What the owner-manager wants to do next?

Owner-managed businesses make a significant to the UK economy and their health and growth is vital for our long term prosperity. Ward Goodman are focusing on their priorities, concerns and aspirations and how we can help to address those key issues. 

Over the last few years, we have been interviewing the key decision makers and owners of businesses in Dorset, that are key to understanding how these businesses are facing their challenges and what we can do to help them. A selection of these interviews are set out in this section of our website and we hope you will find them inspirational. 

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Which route to take at the crossroads

A problem entrepreneurs face in developing their business is that one of their character traits is that generally they want to be involved with everything.

“That,” says Ian Rodd, managing director of chartered accountants, tax, and business advisors Ward Goodman, “can result in the business only growing to a size where it doesn’t need outside expertise. The entrepreneur will still have ambition and ideas, but not the skill-set to go further forward.

“So at some stage they either sell out and perhaps start again, or they take on a layer of management for the tasks they no longer want to do.”

Those who have started their business after a corporate career at some point can deal with that scenario much better, suggests Rodd, because they are more likely to be familiar with the need to scale up by bringing in outside resources.

It can all come to head when the business reaches a crossroads for the first time, because the entrepreneur probably hasn’t had the experience to enable them to evaluate which direction to take. “Up to now it hasn’t been so much about business modelling or strategic options,” suggests Rodd. “They have a good product or service offering and business growth until this point has probably been the consequence of their ability to react to opportunity rather than being proactive strategically. Something comes their way, and they grasp it. Maybe that is all they can do because of their size, resource, and understanding, but eventually they will find themselves at that crossroads, and they have to make a choice.” The entrepreneur will always have more of a survival mentality than the CEO at a corporate, Rodd believes, because they really are where the buck stops. “They have to provide the ambition, the drive, because if they haven’t got it, their business doesn’t progress because there is no outside force, like institutional shareholders, that their corporate equivalent would have to keep them moving.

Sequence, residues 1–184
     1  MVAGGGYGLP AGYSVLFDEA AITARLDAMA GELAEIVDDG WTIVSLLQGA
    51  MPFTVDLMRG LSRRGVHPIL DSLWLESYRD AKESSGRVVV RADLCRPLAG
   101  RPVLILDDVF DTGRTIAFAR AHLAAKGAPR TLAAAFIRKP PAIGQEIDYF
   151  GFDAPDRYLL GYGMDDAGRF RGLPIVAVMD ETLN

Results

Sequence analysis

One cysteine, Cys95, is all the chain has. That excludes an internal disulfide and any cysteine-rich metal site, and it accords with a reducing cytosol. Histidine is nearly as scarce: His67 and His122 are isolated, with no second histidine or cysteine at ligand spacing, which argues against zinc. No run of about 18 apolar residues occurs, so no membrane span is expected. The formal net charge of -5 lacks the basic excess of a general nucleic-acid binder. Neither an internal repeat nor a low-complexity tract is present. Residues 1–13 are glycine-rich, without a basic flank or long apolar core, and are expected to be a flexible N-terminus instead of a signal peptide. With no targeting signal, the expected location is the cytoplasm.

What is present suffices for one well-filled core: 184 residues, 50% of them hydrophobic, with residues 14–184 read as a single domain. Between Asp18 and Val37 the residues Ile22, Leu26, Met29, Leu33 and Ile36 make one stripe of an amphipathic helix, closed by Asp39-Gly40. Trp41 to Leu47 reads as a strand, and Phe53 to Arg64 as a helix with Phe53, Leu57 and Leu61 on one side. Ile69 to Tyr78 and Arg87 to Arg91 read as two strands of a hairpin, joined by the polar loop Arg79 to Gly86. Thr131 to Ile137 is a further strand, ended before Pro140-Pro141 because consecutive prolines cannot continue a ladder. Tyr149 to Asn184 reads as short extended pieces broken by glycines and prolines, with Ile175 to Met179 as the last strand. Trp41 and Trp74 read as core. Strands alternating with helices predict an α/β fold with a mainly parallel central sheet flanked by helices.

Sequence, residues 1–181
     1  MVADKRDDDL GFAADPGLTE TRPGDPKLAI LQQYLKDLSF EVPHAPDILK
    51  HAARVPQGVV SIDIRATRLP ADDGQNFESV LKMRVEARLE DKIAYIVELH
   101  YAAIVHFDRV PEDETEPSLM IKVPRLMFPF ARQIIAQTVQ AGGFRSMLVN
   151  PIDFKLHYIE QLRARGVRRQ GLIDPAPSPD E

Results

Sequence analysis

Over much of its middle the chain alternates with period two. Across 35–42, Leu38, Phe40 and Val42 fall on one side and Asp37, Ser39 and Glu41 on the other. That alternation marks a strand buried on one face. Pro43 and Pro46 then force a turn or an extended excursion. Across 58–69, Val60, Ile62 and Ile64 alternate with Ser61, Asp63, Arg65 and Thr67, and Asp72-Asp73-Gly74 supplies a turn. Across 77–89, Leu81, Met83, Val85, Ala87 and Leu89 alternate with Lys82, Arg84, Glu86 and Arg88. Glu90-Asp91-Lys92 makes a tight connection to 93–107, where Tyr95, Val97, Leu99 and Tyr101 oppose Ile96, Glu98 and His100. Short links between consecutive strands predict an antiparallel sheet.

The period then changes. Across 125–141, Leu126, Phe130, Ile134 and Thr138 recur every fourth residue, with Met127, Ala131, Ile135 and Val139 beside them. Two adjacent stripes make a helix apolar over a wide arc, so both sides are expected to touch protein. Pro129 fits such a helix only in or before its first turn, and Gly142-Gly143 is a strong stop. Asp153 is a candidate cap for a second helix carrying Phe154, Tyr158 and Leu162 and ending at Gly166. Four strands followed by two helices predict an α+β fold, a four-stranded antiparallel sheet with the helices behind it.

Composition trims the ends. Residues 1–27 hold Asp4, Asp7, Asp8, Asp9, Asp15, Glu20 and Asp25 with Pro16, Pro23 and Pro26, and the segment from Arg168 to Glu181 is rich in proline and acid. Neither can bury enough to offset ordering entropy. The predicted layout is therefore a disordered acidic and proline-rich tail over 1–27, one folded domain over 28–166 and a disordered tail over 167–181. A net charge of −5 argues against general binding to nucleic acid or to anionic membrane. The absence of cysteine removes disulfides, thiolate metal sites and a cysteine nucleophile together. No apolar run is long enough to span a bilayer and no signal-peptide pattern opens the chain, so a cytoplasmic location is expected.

“The entrepreneur doesn’t have a blanket of security. They tend not to have a formal risk register. But the entrepreneur will thrive on vulnerability, and they like the thrill of the chase, otherwise they’ll be working for an employer instead.

“Successful entrepreneurs believe in personal development; they realise they have to grow themselves not just the business, and to take the business forward they need to be one step ahead because that is the only way you can lead. It’s about running the company rather than simply being in it – a massive essential if an entrepreneur is going to continue to enjoy what they are doing. It isn’t becoming increasingly mired in day-to-day operations and administration which gets them up in the morning.”

Business Magazine Interviews

Take a look at our featured articles…

Relentless pursuit leads to innovation

Why did a small company put itself through a global accreditation process, which meant complying with 3300 different clauses – even though most of its customers would never have heard of the scheme? Giles, from Olives et al explains all.